Young people who depended on drugs occasionally don’t seek help due to fear of discrimination and prejudice. The people living with the dependent should co-exist with them and support them as addicts need robust support systems. The government and non-governmental organizations should invest time and resources in institutions that conduct brain research on drug dependence. The study should also expound and diversify to cover policy research, social science, prevention, and drug and substance abuse treatment. Due to new and emerging therapies and technologies, treating addiction and dependence is complicated because of ethical issues. From individuals to the government, every community member has a big part to play to curb addiction and support, and practicing all these recommendations can significantly help in mobilizing action.


Chauhan, V., Shukla, S. K., & Sharma, G. P. (2020). Abuse of z-drugs and its challenges to the society. International Journal of Medical Toxicology & Legal Medicine, 23(1and2), 191-205.

Balon R., Chouinard G., Cosci F., Dubovsky S.L., Fava G.A., Freire R.C., Greenblatt D.J., Krystal J.H., Nardi A.E., Rickels K., Roth T., Salzman C., Shader R., Silberman E.K., Sonino N., Starcevic V., Weintraub S.J. (2018). International task force on benzodiazepines. Psychotherapy and Psychosomatics, 87(4), 193-195.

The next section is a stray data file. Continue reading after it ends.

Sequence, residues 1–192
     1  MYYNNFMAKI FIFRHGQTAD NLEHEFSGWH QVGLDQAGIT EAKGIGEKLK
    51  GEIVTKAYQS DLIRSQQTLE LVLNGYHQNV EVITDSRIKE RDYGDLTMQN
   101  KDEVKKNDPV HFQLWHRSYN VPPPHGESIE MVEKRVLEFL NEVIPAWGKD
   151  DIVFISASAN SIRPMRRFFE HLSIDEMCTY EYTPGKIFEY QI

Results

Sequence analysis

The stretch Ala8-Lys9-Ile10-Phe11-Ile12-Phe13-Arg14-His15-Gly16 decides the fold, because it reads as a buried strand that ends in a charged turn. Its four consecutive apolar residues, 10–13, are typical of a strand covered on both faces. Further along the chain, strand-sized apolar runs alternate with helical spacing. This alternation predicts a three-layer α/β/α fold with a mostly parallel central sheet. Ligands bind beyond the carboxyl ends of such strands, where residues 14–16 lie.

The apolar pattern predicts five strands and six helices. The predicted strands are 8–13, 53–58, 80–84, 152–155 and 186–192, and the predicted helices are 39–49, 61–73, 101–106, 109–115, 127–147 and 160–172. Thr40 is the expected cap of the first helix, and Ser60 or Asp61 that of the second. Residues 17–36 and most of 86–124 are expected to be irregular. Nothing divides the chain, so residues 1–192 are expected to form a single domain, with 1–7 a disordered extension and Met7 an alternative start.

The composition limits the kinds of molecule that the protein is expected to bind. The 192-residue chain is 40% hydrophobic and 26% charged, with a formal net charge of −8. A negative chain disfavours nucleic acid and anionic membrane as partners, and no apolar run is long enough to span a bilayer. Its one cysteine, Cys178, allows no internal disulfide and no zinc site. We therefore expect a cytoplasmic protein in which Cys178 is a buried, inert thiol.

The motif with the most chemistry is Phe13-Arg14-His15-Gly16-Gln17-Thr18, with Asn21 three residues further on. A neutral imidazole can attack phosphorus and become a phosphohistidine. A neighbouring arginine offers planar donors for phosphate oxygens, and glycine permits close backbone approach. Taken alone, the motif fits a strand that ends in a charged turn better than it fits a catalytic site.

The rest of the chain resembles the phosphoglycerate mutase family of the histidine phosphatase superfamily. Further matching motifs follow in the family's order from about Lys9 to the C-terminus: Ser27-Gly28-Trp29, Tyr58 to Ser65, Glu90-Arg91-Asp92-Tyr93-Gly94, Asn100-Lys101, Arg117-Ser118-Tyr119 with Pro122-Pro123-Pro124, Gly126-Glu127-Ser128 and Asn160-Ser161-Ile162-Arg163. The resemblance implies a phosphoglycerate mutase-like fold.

Gonzalez III, J. J., & McGee, M. P. (Eds.) (2019). Legal marijuana: Perspectives on public benefits, risks and policy approaches. McFarland.

Lucke, J., Jensen, C., Dunn, M. et al. (2018) Non-medical prescription stimulant use to improve Academic performance among Australian university students: prevalence and correlates of use. BMC Public Health, 18, 1270.

Weyandt, L. L., Oster, D. R., Marraccini, M. E., Gudmundsdottir, B. G., Munro, B. A., Rathke, E. S., & McCallum, A. (2016). Prescription stimulant medication misuse: Where are we? And where do we go from here? Experimental and clinical psychopharmacology, 24(5), 400–414.